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A man sitting at a desk, talking on an office telephone.

Moving to the cloud can improve communications with colleagues and customers.

Even before the first executive walked into his or her office with a new iPhone nearly 10 years ago, mobile technology had been having a huge impact on how people worked. Armed with their Blackberry and Palm Treo mobile phones, enterprise employees could send and receive emails and check their calendars while binge-watching episodes of “Entourage” on DVDs mailed to their homes from Netflix. Those were heady days, friends.

In truth, of course, that was all child’s play compared to what’s happening now. As business technology matures, enterprises are moving to the cloud to even better leverage its productivity benefits. Here are just a few examples of how forward-thinking digital enterprises are using cloud, mobile, and other technologies to transform their businesses:

Communicate and Collaborate with Colleagues, Wherever They Are

Mobile technology liberates employees from the office, but unfortunately, it can be difficult for a dispersed workforce to, well, work together. Older or limited conferencing platforms can be ill-equipped to handle mobile participants, making effective collaboration and even basic communications between office and mobile employees difficult, if not impossible at times.

By moving to the cloud and adopting cloud-based communications, enterprises allow employees working anywhere — and using any device — to participate in audio and video conference calls, message colleagues (even within other apps), and have fully functional connectivity to project collaboration software.

These cloud-based unified communications platforms can also help businesses scale. For example, Acrylic Tank Manufacturing (ATM), a maker of custom aquariums, was struggling with hypergrowth stemming from its higher profile as a star of Animal Planet’s “Tanked” reality TV show. The company switched from its old phone system to a cloud-based system that included unified communications features. The new platform routes calls more efficiently, allows voice messages to be read or listened to from multiple devices, and enables video conferencing with third-party vendors making special parts for ATM’s aquariums.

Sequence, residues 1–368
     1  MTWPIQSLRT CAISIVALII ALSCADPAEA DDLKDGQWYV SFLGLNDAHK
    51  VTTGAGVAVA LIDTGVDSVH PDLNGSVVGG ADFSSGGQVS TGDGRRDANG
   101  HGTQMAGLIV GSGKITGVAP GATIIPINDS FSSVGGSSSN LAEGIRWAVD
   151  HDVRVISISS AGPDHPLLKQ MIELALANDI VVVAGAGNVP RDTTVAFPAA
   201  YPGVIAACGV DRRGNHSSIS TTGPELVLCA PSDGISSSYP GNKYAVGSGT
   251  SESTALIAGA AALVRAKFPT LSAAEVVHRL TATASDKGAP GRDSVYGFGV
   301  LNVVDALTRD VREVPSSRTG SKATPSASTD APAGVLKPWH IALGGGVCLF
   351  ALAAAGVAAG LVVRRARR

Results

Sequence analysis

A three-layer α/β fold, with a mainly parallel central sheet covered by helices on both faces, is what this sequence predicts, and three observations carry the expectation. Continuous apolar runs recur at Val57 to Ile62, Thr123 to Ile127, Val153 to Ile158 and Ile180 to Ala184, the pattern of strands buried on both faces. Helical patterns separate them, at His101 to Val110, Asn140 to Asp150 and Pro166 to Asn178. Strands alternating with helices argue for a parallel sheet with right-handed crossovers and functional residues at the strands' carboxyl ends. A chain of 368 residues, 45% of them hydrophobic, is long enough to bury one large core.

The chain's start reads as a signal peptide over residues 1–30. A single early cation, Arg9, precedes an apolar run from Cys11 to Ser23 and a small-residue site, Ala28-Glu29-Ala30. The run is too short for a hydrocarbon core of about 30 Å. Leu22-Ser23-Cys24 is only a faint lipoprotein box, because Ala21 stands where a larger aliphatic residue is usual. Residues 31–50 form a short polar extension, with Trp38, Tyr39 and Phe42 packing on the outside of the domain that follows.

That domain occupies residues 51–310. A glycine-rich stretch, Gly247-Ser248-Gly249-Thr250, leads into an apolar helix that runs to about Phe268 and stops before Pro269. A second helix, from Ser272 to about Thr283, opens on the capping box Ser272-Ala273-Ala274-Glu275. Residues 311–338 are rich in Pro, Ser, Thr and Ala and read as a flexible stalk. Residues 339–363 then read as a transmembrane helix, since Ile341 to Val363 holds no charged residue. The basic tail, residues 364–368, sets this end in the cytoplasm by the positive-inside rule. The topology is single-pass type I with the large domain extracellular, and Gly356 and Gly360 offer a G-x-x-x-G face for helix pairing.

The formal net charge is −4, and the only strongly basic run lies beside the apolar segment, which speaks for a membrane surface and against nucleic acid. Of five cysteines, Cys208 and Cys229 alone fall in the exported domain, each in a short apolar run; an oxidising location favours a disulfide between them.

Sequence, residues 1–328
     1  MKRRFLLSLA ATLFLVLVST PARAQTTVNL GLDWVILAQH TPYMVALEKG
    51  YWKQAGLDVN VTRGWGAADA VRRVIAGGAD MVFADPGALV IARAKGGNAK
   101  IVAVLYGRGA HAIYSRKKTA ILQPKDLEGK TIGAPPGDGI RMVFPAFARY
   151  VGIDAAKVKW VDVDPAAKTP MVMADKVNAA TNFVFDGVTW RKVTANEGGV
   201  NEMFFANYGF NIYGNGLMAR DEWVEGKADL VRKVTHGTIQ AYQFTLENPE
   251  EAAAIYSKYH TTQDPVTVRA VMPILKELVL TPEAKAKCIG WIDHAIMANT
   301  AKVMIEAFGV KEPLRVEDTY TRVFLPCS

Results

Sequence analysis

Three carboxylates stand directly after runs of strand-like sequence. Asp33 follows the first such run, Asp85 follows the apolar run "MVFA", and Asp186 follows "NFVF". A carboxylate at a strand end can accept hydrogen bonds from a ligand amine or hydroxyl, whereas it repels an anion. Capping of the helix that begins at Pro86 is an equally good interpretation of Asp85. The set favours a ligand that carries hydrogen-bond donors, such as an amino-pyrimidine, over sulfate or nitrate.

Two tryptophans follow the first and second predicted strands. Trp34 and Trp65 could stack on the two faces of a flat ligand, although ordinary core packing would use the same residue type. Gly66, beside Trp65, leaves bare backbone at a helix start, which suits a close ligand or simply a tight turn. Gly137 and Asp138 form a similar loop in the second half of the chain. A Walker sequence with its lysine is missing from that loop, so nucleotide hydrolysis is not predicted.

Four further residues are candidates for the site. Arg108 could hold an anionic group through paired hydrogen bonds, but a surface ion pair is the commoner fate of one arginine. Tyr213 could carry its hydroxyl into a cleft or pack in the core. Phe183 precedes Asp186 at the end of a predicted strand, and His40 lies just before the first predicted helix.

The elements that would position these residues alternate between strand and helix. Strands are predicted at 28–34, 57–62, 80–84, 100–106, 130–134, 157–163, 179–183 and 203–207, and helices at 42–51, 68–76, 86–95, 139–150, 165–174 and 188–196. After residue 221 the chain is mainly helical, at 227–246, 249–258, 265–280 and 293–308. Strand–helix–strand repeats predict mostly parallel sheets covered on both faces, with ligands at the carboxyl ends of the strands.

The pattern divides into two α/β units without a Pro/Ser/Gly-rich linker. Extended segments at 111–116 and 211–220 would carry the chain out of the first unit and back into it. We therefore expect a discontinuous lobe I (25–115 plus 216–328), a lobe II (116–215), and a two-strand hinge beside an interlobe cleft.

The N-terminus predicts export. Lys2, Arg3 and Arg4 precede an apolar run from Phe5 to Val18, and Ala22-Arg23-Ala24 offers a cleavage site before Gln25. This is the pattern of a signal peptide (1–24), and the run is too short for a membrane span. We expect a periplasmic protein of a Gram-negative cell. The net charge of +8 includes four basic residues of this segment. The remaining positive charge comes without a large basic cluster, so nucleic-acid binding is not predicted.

Access CRM Databases, Customer Histories, and More Business Information

It used to be that if you were on the road and needed customer information quickly (as in real-time), you were out of luck. Today, though, apps and services are easily available to authorized and authenticated users via the cloud.

For example, Handi-Ramp, a manufacturer of products for wheelchair accessibility and fall prevention that counts the White House and Statue of Liberty as clients, uses an enterprise Voice over Internet Protocol (VoIP) platform that powers the company’s office phones, business applications, and softphones while providing full integration with employees’ mobile devices.

In addition, the platform integrates Handi-Ramp’s Google apps, including email, calendar, and contact software. Further, the company’s sales force can use its mobile devices to connect automatically with a CRM system. The end result is more productive and effective sales and support teams, which results in higher revenue and greater customer satisfaction.

Gain Insights Into and Establish Personal Relationships with Customers

Mobile devices and apps are providing retailers and other businesses with unprecedented amounts of data about users’ search, shopping, and physical habits, such as where they go and when. This allows retailers to understand and anticipate customer needs and personalize the shopping experience in a way that increases sales and brand loyalty.

Cosmetics and beauty products retailer Sephora uses geolocation data and personalized mobile app alerts for users who are close to one of its stores, informing the customer of special deals. Adweek reported that Sephora is also driving mobile sales by integrating a Tinder-like swipe feature that allows mobile and desktop users to navigate rapidly through makeup and beauty products, as well as an app that allows its Snapchat followers to make purchases by downloading a screenshot of the desired product.

With the help of cloud, mobile, and communications technologies, companies can better manage their internal and customer-facing processes to become more efficient, more flexible and more productive.

Is your business ready for transformation? Contact a Vonage Business representative to take the first steps toward increased productivity and customer engagement.

About Chris Nerney

Chris Nerney is a technology writer who covers both enterprise and consumer technologies. He has written extensively on cloud computing, unified communications, enterprise collaboration, VoIP, mobile technology, big data and analytics, data centers, converged systems and space technology. His writing has appeared in Computerworld, CIO.com, Data-Informed, Revenue Cycle Insights, Network World, ITWorld and many other technology publications, including enterprise whitepapers. Chris lives in upstate New York with his wife and three children.